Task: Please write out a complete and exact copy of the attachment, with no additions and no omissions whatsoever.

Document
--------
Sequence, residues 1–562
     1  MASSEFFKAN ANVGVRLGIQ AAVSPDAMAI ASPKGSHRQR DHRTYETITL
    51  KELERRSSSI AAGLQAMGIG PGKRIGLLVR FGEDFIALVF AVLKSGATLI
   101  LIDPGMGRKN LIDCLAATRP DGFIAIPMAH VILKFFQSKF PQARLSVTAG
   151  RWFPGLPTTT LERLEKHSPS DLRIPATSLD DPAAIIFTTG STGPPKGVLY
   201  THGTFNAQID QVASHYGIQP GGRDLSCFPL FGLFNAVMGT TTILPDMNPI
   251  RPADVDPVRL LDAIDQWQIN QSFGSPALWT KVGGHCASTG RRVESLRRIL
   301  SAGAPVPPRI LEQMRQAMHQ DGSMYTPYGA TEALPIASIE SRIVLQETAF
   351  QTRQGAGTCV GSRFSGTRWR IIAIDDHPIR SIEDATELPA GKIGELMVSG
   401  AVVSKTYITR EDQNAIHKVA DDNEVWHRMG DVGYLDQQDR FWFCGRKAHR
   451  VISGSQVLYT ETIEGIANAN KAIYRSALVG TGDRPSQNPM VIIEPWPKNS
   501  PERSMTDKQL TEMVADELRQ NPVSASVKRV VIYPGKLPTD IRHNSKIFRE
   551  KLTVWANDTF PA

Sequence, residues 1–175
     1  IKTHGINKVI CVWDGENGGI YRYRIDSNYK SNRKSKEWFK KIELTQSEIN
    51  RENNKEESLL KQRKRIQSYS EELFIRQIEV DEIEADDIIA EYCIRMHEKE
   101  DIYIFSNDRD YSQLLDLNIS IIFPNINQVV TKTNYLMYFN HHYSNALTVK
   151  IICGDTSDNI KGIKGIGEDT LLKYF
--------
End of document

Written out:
Sequence, residues 1–562
     1  MASSEFFKAN ANVGVRLGIQ AAVSPDAMAI ASPKGSHRQR DHRTYETITL
    51  KELERRSSSI AAGLQAMGIG PGKRIGLLVR FGEDFIALVF AVLKSGATLI
   101  LIDPGMGRKN LIDCLAATRP DGFIAIPMAH VILKFFQSKF PQARLSVTAG
   151  RWFPGLPTTT LERLEKHSPS DLRIPATSLD DPAAIIFTTG STGPPKGVLY
   201  THGTFNAQID QVASHYGIQP GGRDLSCFPL FGLFNAVMGT TTILPDMNPI
   251  RPADVDPVRL LDAIDQWQIN QSFGSPALWT KVGGHCASTG RRVESLRRIL
   301  SAGAPVPPRI LEQMRQAMHQ DGSMYTPYGA TEALPIASIE SRIVLQETAF
   351  QTRQGAGTCV GSRFSGTRWR IIAIDDHPIR SIEDATELPA GKIGELMVSG
   401  AVVSKTYITR EDQNAIHKVA DDNEVWHRMG DVGYLDQQDR FWFCGRKAHR
   451  VISGSQVLYT ETIEGIANAN KAIYRSALVG TGDRPSQNPM VIIEPWPKNS
   501  PERSMTDKQL TEMVADELRQ NPVSASVKRV VIYPGKLPTD IRHNSKIFRE
   551  KLTVWANDTF PA

Sequence, residues 1–175
     1  IKTHGINKVI CVWDGENGGI YRYRIDSNYK SNRKSKEWFK KIELTQSEIN
    51  RENNKEESLL KQRKRIQSYS EELFIRQIEV DEIEADDIIA EYCIRMHEKE
   101  DIYIFSNDRD YSQLLDLNIS IIFPNINQVV TKTNYLMYFN HHYSNALTVK
   151  IICGDTSDNI KGIKGIGEDT LLKYF